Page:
Nearly every person who has purchased a canned or bottled beer has noticed the faint ink or laser etched code on the package’s exterior. Most folks probably don’t give it much thought, but it serves several important purposes that we all should care about. In many ways, it is no different than the date code printed on your milk container. It’s there to ensure freshness for the producer, the distributor, the retailer, and most importantly, the customer. But there are other safety purposes that are not as well understood, that are a direct result of the events of September 11, 2001.

In the beer industry, there is no mandated system for date lot coding, but most companies are more or less standardized. The code can take several forms; a “best by” format, which indicates a date chosen by the brewery after which the beer’s best flavor cannot be ensured, and the “packaged date” (NoDa Brewing’s preferred method). This is simply the date that the beer was bottled or canned and the date where most breweries start their stopwatch in the interest of freshness. Each brewery decides the “freshness window” for their brand but most fall in the 120-150 day range. This can vary with style, with hoppy beers having small windows, and large stouts having much longer windows but, by in large, 120-150 days is the norm.

The Brewers Association is the industry trade group that represents the vast majority of craft breweries in the U.S. Their technical committee is involved in supporting the quality of all craft beer through education and recommended practices. The BA says it is in the best interest of craft brewers to mark their packaged products with a form of date or lot code. This code acts as a vehicle to trace a brewery’s package in the marketplace and allows a brewery to cross reference the specific batch(es) of beer that make up the packaged product. As stated by the Bioterrorism Act, breweries are required to insure traceability of their beer and to keep internal records of specific ingredients, including manufacture lot numbers that were used in individual batches. This allows quick and effective recall of product in the event of a bioterrorism act. Not only is this required by law, but it also serves an important public safety function.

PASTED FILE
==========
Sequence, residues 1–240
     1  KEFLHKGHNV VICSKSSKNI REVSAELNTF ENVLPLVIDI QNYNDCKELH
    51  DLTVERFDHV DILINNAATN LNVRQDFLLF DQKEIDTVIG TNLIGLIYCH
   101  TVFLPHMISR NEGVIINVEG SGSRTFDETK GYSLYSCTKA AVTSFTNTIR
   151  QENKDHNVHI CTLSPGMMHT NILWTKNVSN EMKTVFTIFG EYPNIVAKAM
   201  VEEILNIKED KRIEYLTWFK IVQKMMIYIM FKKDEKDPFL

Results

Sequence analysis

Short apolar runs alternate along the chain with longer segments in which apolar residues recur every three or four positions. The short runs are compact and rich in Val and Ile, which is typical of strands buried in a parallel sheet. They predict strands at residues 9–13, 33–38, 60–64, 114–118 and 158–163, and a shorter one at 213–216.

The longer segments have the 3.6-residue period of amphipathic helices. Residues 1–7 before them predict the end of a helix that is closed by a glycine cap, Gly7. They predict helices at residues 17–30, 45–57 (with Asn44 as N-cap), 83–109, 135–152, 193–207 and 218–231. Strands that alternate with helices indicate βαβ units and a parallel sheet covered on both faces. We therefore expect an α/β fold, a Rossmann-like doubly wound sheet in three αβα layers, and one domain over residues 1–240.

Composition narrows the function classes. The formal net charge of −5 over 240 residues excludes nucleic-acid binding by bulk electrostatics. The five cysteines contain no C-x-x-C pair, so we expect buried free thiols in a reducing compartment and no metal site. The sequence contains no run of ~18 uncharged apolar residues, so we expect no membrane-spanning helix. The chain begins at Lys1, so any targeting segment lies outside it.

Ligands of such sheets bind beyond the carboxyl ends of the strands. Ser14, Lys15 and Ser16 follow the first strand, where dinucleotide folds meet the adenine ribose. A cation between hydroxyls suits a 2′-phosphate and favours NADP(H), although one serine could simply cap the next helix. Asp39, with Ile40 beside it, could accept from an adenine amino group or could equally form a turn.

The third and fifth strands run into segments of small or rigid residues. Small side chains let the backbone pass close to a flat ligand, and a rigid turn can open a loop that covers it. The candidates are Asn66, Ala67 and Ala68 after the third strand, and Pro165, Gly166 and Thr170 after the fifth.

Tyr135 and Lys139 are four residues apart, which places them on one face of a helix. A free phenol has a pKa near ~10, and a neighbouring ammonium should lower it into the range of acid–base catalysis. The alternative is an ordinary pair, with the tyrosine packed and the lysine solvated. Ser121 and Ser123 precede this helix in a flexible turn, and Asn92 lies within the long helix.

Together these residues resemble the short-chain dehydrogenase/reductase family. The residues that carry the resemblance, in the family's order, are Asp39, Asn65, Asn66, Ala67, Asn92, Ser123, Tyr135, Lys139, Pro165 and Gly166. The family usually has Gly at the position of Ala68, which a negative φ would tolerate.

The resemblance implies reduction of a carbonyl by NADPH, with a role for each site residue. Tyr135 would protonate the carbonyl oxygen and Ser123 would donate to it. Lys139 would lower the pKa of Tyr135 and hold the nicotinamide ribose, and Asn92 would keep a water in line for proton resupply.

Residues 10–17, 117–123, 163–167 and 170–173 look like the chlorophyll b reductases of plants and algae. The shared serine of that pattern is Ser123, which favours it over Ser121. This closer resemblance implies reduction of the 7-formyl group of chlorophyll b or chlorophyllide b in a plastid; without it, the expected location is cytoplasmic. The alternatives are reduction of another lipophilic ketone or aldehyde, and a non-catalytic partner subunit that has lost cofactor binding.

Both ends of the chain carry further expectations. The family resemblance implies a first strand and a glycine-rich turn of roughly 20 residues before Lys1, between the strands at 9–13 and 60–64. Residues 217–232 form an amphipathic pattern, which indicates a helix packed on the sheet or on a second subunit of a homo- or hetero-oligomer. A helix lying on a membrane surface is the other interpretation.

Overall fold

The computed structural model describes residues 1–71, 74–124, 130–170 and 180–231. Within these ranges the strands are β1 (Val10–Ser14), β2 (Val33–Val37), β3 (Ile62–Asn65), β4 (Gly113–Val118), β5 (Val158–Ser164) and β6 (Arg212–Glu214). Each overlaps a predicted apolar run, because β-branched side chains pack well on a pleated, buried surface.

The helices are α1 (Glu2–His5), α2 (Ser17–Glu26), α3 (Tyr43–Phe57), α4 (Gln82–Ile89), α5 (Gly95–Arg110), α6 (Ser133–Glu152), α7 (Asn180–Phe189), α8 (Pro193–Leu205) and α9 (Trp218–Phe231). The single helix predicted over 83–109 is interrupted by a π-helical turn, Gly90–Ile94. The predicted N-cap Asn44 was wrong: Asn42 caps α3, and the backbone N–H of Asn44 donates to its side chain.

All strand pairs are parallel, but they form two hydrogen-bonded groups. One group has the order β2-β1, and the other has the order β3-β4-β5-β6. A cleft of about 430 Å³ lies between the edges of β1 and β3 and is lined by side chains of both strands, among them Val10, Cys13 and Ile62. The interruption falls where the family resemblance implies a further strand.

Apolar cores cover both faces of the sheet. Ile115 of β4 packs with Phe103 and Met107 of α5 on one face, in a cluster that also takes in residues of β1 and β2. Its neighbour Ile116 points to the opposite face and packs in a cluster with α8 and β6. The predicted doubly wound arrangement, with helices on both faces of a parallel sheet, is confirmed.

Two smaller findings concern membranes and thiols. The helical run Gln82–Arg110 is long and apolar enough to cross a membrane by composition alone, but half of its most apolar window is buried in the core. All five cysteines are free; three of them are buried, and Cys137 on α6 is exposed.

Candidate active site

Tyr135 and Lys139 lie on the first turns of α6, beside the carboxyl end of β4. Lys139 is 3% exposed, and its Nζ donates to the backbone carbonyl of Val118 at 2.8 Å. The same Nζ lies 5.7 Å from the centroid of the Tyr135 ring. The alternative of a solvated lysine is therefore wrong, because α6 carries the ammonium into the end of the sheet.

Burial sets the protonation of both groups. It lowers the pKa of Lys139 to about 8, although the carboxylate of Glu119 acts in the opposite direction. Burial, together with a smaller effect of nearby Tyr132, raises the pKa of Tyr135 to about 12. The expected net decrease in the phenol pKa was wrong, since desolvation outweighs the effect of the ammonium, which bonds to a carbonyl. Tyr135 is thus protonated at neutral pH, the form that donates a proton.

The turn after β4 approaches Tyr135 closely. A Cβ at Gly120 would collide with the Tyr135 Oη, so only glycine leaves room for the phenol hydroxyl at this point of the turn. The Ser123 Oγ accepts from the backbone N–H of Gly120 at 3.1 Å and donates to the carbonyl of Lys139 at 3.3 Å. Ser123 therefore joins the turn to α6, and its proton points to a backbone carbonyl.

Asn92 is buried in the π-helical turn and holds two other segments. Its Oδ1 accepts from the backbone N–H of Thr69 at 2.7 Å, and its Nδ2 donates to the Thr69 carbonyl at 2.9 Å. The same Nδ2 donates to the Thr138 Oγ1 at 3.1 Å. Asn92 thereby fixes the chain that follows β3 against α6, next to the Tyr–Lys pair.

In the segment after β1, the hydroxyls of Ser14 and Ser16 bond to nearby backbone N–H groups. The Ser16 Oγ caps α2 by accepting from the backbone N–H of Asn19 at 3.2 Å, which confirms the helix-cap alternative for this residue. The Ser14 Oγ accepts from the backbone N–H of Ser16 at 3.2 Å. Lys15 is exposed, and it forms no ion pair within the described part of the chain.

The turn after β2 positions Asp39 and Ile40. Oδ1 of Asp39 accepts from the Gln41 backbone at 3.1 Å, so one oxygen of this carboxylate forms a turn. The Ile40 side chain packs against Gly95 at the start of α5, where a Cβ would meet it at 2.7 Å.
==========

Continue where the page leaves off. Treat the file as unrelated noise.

Lot coding serves three primary functions:

  1. It provides a critical function in the event of a safety recall. This is rare and brewers try to avoid this at all costs, but it is critical that a brewery be prepared for this possibility.
  2. It is a valuable tool in quality assurance for the retail chain allowing distributors and retailers to rotate stock to achieve a first-in first out stock supply.
  3. It allows transparency for the consumer to determine the freshness of the product.

Date and lot coding can take several forms but the Brewers Association recommends that each brewery use a legible best by or packaging date code that is understandable to the customer. Most brewers use standard or Georgian date coding ex. June 29, 2017. Other forms include Julian date. These are easily decoded by distributors and retailers but not as easy for customers. An example would be 180-17 which would represent the 180th day of the year (June 29th) of 2017. If a brewery uses this method you have to ask yourself why they do not want the customer to know the actual package date? Still there are other brewers that use a company specific date code unique to them. This may complicate stock rotation depending on the knowledge of the retailer but it almost insures that the customer has no clue to the date of origin.

Next time you pick up that six pack of lager or that four pack of IPA, look at the date and know that it is there for your safety and to ensure that your product tastes its best. If you see no code or one that is not decipherable then we suggest you inquire why.